Wind, High Temps Could Threaten Progress Made On Containing The Klamathon Fire

Jul 8, 2018

UPDATE: Sunday July 8, 8:45 p.m. ... Crews continue to battle the Klamathon fire along the Oregon-California border. 

As of Sunday evening, the fire had burned 35,000 acres and was 25 percent contained. 

Officials say significant progress has been made in building containment lines to prevent the fire's spread. But the hot, windy weather forecast for the coming week could threaten that progress.

With that in mind, existing evacuation orders have been continued for now, and new areas in Jackson County have been put on Level 3 ("GO!") and Level 2 ("Get Set") evacuation notices.

For more information about evacuation orders or animal services, visit the CalFire incident website. For more information about power outages, visit Pacific Power’s website.

At a Sunday evening briefing in Yreka, CalFire's Darryl Lawson said the south and west sides of the fire are largely under control. He said lines had been built from the west side of Hornbrook up to Hilt, and that those lines are holding.

"We're not out of the woods yet," Lawson said. "We're still trying to improve those lines and make sure we don't have any more issues in that area."

Lawson said there's been four miles of line built along the north side of the fire, on the Oregon side of the state line, and that lines on the east side are getting tied into the lines on the south. He said gusty winds on Saturday had threatened those lines, but they held.

This map shows the area of the Klamathon fire as of Sunday evening, July 8.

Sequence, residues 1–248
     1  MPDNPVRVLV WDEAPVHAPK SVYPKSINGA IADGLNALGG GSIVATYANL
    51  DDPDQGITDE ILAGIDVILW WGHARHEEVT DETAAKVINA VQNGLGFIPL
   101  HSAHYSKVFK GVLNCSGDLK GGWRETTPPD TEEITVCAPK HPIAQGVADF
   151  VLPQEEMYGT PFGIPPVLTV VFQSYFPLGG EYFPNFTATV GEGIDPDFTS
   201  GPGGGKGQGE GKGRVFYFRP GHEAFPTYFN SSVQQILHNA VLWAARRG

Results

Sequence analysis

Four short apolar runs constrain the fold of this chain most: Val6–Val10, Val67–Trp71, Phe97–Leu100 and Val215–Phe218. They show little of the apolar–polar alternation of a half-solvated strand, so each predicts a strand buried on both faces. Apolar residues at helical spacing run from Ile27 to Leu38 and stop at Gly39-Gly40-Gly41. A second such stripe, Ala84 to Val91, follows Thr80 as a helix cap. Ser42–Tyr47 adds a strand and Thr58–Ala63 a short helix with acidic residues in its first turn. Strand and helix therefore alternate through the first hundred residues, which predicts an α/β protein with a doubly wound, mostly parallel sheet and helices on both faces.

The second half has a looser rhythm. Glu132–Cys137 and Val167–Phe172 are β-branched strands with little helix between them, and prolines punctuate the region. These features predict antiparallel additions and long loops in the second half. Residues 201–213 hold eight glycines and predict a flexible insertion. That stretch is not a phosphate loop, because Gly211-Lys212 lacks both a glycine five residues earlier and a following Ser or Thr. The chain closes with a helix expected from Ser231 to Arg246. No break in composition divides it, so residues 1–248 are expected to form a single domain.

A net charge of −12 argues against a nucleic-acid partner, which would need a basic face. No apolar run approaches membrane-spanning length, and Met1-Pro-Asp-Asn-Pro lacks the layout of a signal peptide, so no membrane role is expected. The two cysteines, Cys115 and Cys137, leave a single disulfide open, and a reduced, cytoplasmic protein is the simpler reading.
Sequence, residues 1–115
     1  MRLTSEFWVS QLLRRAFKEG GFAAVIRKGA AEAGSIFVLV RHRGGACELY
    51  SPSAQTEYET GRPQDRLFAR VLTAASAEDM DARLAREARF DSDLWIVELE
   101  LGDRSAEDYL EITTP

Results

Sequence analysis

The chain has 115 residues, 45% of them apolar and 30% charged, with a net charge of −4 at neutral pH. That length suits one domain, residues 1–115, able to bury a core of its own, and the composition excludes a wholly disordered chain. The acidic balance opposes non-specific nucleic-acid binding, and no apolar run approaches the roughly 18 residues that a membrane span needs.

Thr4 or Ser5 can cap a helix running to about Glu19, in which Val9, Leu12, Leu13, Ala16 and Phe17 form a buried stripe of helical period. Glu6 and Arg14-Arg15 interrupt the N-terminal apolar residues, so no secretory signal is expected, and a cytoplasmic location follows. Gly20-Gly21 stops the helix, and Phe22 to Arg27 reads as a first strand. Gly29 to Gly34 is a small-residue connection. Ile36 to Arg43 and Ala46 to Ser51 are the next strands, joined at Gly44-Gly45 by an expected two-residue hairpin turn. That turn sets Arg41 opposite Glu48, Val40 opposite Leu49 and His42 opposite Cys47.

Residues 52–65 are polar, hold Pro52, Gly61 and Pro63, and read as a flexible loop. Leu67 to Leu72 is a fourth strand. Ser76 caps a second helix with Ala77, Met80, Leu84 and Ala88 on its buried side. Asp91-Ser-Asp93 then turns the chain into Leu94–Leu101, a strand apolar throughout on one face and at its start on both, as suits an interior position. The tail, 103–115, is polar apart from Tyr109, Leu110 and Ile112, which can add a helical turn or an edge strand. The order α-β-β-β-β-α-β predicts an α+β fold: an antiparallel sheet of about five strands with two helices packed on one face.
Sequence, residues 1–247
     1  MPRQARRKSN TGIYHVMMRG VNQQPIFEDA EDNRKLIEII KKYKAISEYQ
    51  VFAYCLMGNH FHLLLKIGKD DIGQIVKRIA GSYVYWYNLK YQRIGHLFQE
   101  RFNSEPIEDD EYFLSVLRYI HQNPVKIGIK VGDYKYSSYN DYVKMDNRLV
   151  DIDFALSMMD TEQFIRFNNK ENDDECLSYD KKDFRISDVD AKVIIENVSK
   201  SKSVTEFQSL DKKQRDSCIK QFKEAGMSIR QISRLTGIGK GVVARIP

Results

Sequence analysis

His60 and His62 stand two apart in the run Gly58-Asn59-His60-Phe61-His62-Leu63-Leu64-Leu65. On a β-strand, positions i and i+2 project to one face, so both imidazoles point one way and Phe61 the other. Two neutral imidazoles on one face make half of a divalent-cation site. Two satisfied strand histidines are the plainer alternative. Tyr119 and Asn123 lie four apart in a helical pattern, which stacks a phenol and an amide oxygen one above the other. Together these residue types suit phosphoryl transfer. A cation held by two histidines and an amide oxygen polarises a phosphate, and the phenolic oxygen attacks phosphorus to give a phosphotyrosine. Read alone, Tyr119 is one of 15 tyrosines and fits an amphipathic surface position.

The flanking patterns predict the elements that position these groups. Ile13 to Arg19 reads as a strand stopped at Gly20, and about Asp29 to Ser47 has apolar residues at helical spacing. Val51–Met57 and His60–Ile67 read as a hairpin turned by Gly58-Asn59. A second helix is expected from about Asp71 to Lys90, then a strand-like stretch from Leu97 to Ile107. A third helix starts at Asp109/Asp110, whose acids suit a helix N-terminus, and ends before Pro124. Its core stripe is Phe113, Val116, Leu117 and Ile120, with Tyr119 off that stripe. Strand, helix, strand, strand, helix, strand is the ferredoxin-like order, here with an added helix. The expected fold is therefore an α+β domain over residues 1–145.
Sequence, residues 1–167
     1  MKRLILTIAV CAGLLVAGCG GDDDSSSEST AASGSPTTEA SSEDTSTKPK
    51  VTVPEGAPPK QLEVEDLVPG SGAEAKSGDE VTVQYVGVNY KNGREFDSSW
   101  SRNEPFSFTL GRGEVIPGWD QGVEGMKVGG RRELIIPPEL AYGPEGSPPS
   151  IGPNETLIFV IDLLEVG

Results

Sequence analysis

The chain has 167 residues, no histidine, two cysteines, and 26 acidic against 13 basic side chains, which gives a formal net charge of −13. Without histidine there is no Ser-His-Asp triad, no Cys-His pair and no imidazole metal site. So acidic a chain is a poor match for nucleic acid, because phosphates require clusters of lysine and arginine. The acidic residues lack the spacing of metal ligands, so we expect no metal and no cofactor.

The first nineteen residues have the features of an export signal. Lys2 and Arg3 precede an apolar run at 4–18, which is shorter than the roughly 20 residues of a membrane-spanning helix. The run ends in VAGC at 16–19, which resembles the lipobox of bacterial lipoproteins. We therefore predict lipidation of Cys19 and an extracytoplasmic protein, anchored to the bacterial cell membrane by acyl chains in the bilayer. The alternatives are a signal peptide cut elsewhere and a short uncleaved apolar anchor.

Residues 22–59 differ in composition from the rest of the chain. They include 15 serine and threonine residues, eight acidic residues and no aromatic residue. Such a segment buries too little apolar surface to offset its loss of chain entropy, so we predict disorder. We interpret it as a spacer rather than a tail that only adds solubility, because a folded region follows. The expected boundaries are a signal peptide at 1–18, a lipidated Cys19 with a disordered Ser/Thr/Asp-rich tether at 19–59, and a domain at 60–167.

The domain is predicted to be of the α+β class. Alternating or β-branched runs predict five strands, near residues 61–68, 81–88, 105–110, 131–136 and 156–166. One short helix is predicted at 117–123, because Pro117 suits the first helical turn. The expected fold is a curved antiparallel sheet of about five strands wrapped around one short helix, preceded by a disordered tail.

The biggest problem area of the fire currently is along the north side, where the fire is burning into the Soda Mountain Wilderness area. CalFire fire behavior analyst Tim Chavez said that area is very rugged and has no recorded history of having had a fire, so it's likely to have a heavy buildup of woody fuels. That could mean a fire that burns hot and is hard to get firefighters into.

Siskiyou County Sheriff Jon Lopey said more than 70 officers from his office and other local, state and federal agencies have been working to maintain safety on the roads, escorting people into evacuation areas to recover critical items and patroling evacuated neighborhods to prevent looting.

Meteorologist Rich Thompson with the National Weather Service said winds are expected to pick up to 15 to 20 miles per hour by late Monday morning. By evening, he said, gusts up to 35 miles per hour are forecast. Winds are expected to die down on Tuesday, but by Wednesday temperatures are expected to climb into the high 90s and low 100s, and stay there into the weekend. 

Brandon Keller, the firefighter who received facial burns on Thursday, has been released from the University of California David burn center. His relatives say he's in good spirits and is is making excellent progress. A GoFundMe account set up to help Keller with living expenses while he recovers exceeded its $25,000 goal in one day.

Lt. Jeremiah LaRue of the Siskiyou County Sheriff's Office says there's still been no identification of the body found in a burned home in Hornbrook. He said the condition of the body is making identification difficult.

LaRue also said that at this time there are no missing persons connected to the fire.